Some documents indicate that I.T. Apparels, a subcontractor for International Intimates, another Wal-Mart supplier, was getting women’s robes and nightgowns made there, as well as women’s nightwear for Sears. But International Intimates claimed Tazreen Fashions was “NOT one of our approved partners and no one was authorised to make our products there”, while Sears said it did not know that one of its suppliers was using Tazreen and that it, too, had terminated that supplier. Thus, everybody was using the factory and nobody knew anything about it.


Another recent expose shows the scanty concern for ecology by foreign investors. The Centre for Science and Environment investigated local complaints of serious pollution by a mill at Kharsia, Raigarh district, Chhattisgarh. It found non-compliance with air emissions norms by the sponge iron manufacturing facility and unsystematic dumping of fly-ash, which was getting mixed with waste water discharge and contaminating the Rakshapali village water body, making it unfit for domestic use.


Students of nearby schools repeatedly complained of itchy eyes and skin irritation owing to the heavy dust emissions of fine particulate matter. Fly-ash from the captive power plant was being dumped close to a school boundary, though the plant had come up long after the school was established. Shockingly, there is no ash-dyke facility at the unit.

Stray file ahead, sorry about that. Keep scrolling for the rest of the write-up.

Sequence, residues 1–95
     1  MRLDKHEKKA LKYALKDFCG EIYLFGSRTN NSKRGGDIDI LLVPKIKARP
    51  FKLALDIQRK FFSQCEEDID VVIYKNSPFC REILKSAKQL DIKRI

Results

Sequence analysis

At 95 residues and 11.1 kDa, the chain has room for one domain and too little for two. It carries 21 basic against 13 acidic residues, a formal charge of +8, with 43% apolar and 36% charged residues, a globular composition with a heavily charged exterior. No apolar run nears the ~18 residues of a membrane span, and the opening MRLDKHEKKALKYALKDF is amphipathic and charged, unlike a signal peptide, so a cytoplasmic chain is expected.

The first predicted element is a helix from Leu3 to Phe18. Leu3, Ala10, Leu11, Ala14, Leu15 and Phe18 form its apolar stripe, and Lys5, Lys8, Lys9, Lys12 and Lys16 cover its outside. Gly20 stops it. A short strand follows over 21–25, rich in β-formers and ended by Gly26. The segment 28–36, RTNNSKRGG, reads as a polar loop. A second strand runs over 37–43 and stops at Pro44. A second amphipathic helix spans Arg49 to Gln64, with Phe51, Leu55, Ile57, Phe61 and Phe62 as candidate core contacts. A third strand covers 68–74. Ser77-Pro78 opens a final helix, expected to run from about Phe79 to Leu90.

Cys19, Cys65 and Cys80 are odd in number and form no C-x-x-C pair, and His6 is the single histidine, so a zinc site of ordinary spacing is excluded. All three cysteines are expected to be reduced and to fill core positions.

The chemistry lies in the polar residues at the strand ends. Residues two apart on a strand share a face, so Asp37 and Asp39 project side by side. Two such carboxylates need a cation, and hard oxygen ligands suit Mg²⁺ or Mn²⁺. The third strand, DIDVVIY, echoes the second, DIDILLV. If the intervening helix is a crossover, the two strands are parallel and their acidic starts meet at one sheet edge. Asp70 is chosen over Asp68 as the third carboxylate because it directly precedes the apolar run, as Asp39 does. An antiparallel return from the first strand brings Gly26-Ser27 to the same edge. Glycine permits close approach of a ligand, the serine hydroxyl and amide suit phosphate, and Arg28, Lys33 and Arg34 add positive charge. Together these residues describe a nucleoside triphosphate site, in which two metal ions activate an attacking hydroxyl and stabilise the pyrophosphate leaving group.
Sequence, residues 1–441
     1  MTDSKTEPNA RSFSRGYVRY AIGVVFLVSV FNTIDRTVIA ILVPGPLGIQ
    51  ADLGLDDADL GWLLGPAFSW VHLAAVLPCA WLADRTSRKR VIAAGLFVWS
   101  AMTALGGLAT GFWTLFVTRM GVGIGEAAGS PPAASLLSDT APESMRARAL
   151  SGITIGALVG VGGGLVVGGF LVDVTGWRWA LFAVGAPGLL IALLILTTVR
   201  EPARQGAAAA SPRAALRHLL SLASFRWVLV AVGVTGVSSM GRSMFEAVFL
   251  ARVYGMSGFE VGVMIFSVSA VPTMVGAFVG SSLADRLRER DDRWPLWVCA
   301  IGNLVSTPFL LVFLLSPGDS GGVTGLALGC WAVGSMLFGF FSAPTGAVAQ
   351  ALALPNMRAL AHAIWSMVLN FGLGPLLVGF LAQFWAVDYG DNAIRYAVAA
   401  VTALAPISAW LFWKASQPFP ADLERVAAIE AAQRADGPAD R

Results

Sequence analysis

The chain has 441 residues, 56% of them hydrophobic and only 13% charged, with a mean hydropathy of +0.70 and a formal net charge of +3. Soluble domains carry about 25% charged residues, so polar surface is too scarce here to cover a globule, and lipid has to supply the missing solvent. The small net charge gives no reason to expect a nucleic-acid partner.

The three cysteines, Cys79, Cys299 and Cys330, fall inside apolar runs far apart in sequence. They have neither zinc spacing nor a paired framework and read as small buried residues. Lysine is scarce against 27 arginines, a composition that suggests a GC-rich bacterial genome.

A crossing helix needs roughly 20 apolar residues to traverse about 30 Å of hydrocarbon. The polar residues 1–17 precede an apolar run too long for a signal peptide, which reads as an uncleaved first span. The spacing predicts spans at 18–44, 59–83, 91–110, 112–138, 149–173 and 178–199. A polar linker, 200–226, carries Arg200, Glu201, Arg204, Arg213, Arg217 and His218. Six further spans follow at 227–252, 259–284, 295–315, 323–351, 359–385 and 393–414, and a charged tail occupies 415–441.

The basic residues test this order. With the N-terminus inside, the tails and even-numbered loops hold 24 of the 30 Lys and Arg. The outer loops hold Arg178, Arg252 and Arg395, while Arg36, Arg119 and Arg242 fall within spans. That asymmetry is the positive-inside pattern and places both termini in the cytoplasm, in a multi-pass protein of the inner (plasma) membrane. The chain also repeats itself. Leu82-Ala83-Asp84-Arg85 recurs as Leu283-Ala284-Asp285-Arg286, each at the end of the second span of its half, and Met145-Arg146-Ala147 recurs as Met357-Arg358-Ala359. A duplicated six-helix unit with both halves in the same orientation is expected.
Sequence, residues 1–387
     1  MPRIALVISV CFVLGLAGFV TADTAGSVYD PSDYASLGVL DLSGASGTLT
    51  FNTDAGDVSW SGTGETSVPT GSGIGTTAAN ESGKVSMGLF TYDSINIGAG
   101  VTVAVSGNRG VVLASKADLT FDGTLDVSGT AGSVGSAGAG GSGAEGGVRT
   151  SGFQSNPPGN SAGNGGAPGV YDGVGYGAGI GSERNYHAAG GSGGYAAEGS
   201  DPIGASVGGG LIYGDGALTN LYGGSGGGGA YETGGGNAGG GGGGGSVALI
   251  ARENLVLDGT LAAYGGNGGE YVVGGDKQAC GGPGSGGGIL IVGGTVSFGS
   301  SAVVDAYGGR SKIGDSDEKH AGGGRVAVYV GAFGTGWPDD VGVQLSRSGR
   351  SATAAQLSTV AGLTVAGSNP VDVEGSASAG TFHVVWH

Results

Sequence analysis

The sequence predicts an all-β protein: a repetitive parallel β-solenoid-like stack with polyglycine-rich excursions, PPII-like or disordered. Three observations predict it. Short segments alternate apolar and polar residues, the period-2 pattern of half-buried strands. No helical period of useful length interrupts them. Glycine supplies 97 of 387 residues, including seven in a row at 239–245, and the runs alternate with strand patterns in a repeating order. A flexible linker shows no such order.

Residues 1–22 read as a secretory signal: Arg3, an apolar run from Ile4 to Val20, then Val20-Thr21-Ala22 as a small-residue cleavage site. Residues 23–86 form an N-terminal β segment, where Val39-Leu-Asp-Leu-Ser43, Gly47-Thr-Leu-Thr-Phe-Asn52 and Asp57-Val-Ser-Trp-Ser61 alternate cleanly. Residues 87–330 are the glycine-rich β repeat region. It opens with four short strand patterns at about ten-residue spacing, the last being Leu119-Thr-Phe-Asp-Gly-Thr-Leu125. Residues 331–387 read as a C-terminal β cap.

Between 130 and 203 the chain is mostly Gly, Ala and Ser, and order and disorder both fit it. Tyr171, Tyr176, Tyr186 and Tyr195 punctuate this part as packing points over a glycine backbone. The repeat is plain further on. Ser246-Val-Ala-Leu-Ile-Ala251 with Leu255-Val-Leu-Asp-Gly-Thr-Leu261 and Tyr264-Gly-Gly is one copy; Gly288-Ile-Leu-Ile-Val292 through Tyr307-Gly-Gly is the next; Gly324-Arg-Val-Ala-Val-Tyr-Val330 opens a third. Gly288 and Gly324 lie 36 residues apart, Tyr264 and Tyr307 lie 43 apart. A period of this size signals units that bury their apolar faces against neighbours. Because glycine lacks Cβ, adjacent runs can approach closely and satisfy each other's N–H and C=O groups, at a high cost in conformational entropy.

The eye-opener in this story is that the major public shareholders of the company are feted global banks, a famous global private equity player, and a Norwegian sovereign wealth fund. The parent fund, Norges Bank Investment Management, claims to have a policy for responsible investment. All foreign investors are formally committed to protecting the local community and ecology, and all willfully turned a blind eye to overt pollution and basic environmental concerns.


If this is the state of affairs under the old rules, one shudders to think what enhanced FDI would do to the ecology, the workers, and the farmers. The lesson seems to be that Summers was right: only exploitation makes industrial capitalism profitable.


The author is Editor, www.vijayvaani.com